Chapter 18 Pressure Ulcer Care

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Chapter 18  Pressure Ulcer Care

 

 

Complete Chapter Questions And Answers
 

Sample Questions

 

MULTIPLE CHOICE

1. The nurse is turning a patient when she notices an area with nonblanchable redness over the patient’s coccyx. The patient complains of pain at the site, and the site does feel cooler than the areas immediately around the site. The nurse recognizes that this patient has developed:
a.
a stage I pressure.
b.
a stage II pressure.
c.
an unstageable pressure.
d.
deep tissue injury.

ANS: A
The hallmarks of a stage I pressure ulcer are intact skin with nonblanchable redness of a localized area, usually over a bony prominence. The area may be painful, firm, soft, and warmer or cooler as compared with adjacent tissue. Stage II pressure ulcers are defined by partial-thickness loss that presents as a shallow open ulcer with a red or pink wound bed, without slough. They also may present as intact or open/ruptured serum-filled blisters. They usually present as shiny or dry shallow ulcers without sloughing or bruising. Unstageable pressure ulcers are characterized by full-thickness tissue loss in which the base of the ulcer is covered by slough (yellow, tan, gray, green, or brown) and/or eschar (tan, brown, black) in the wound bed. Until enough slough and/or eschar is removed to expose the base of the wound, the true depth, and therefore the stage, cannot be determined. Deep tissue injury usually is characterized by purple or maroon localized areas of discolored intact skin or blood-filled blisters caused by damage to underlying soft tissue from pressure and/or shear. The area may be preceded by tissue that is painful, firm, mushy, boggy, and warmer or cooler as compared with adjacent tissue. The wound may further evolve and become covered by thin eschar.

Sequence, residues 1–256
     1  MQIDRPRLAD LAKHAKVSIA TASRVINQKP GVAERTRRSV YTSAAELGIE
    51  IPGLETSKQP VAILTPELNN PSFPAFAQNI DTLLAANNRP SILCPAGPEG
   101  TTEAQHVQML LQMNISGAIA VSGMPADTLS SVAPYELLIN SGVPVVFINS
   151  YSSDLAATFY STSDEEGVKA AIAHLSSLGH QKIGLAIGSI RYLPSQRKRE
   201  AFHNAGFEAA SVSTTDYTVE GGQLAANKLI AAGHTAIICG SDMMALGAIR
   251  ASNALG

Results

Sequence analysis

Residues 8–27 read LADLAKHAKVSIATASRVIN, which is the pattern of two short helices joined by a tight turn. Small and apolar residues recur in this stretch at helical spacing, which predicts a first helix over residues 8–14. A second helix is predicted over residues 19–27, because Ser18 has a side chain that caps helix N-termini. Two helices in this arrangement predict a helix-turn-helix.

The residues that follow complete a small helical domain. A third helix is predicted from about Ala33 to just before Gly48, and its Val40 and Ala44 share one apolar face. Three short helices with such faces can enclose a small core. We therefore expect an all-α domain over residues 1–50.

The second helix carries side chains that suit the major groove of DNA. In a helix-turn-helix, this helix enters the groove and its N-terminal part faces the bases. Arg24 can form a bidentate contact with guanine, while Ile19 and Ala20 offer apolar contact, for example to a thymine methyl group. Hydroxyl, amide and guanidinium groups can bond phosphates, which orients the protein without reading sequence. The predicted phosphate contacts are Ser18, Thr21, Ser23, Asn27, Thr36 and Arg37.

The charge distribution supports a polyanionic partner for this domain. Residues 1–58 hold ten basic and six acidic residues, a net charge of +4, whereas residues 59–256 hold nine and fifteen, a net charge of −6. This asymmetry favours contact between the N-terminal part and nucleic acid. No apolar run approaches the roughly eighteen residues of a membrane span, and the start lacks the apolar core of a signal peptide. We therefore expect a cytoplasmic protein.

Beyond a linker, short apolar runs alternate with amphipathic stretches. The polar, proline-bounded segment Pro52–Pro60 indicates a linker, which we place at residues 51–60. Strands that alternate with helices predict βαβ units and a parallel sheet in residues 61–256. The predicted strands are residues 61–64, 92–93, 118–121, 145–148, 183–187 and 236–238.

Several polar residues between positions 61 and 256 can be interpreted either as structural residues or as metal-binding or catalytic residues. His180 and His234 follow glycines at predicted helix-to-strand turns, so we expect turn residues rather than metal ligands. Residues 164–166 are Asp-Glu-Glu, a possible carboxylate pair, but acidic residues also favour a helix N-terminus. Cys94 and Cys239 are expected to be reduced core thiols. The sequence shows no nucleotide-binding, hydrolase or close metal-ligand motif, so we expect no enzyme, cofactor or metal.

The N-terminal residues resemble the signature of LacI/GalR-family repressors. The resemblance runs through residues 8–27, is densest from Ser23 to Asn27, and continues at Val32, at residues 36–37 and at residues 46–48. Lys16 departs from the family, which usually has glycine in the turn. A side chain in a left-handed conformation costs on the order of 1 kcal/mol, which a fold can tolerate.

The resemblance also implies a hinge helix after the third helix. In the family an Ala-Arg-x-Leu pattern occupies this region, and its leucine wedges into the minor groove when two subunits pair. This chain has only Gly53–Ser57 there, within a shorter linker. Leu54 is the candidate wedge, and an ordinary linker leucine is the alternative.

DIF: Cognitive Level: Analysis REF: Text reference: p. 435
OBJ: Describe patient characteristics, as well as characteristics of the pressure ulcer itself, that should be included in an assessment. TOP: Stage I Pressure Ulcer
KEY: Nursing Process Step: Assessment MSC: NCLEX: Physiological Integrity

2. In a patient with a stage II pressure ulcer, the nurse describes the wound as:
a.
superficial blistering.
b.
nonblanchable redness.
c.
loss of skin without bone exposure.
d.
loss of skin with exposed muscle.

ANS: A
A stage II pressure ulcer is defined by partial-thickness loss presenting as a shallow open ulcer with a red to pink wound bed, without slough. It also may present as an intact or open/ruptured serum-filled blister. It usually presents as a shiny or dry shallow ulcer without sloughing or bruising. The hallmarks of a stage I pressure ulcer are intact skin with nonblanchable redness of a localized area, usually over a bony prominence. The area may be painful, firm, soft, and warmer or cooler as compared with adjacent tissue. Stage III pressure ulcers involve full-thickness skin loss. Subcutaneous fat may be visible, but bone, tendon, or muscle is not exposed. Stage IV pressure ulcers involve full-thickness tissue loss with exposed bone, tendon, or muscle. Slough or eschar may be present in some parts of the wound bed.